Uhlan were discreet, and not without reason. Tereshka, the coachman, never uttered one word too much about it, even when he was drunk. Thus the secret was kept by more than half-a-dozen conspirators.
But Maria Gavrilovna herself divulged her secret during her delirious ravings. But her words were so disconnected, that her mother, who never left her bedside, could only understand from them that her daughter was deeply in love with Vladimir Nikolaievitch, and that probably love was the cause of her illness. She consulted her husband and some of her neighbours, and at last it was unanimously decided that such was evidently Maria Gavrilovna's fate, that a woman cannot ride away from the man who is destined to be her husband, that poverty is not a crime, that one does not marry wealth, but a man, etc., etc. Moral proverbs are wonderfully useful in those cases where we can invent little in our own justification.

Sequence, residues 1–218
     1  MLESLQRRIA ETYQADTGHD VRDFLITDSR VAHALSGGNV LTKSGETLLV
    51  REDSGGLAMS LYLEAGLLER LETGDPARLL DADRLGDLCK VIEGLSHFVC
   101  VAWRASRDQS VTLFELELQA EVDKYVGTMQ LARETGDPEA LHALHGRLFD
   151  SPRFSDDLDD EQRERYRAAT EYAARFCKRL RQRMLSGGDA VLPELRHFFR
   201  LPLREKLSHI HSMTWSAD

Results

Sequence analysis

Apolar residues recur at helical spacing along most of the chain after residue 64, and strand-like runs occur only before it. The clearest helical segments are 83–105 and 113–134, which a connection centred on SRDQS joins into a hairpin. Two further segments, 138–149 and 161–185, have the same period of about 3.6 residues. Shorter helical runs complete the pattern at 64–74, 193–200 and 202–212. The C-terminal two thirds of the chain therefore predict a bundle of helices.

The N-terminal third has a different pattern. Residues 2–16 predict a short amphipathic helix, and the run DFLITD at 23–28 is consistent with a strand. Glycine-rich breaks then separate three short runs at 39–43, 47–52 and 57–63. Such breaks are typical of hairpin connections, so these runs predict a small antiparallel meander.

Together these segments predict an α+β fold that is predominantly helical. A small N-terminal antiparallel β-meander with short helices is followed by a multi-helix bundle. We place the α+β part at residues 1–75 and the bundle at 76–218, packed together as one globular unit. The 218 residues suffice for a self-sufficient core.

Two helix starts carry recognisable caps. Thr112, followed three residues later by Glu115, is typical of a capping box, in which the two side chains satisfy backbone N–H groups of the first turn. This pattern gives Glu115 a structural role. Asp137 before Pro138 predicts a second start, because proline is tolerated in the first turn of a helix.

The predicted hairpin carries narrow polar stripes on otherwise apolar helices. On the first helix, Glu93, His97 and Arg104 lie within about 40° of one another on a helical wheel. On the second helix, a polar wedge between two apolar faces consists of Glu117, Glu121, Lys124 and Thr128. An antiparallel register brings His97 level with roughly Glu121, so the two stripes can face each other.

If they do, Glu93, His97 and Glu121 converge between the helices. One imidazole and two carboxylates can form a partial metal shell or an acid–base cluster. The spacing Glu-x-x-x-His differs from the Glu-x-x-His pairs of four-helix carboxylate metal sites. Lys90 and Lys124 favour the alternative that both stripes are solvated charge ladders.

In the meantime the young lady began to recover. Vladimir had not been seen for a long time in the house of Gavril Gavrilovitch. He was afraid of the usual reception. It was resolved to send and announce to him an unexpected piece of good news: the consent of Maria's parents to his marriage with their daughter. But what was the astonishment of the proprietor of Nenaradova, when, in reply to their invitation, they received from him a half-insane letter. He informed them that he would never set foot in their house again, and begged them to forget an unhappy creature whose only hope was in death. A few days afterwards they heard that Vladimir had joined the army again. This was in the year 1812.
For a long time they did not dare to announce this to Masha, who was now convalescent. She never mentioned the name of Vladimir. Some months afterwards, finding his name in the list of those who had distinguished them-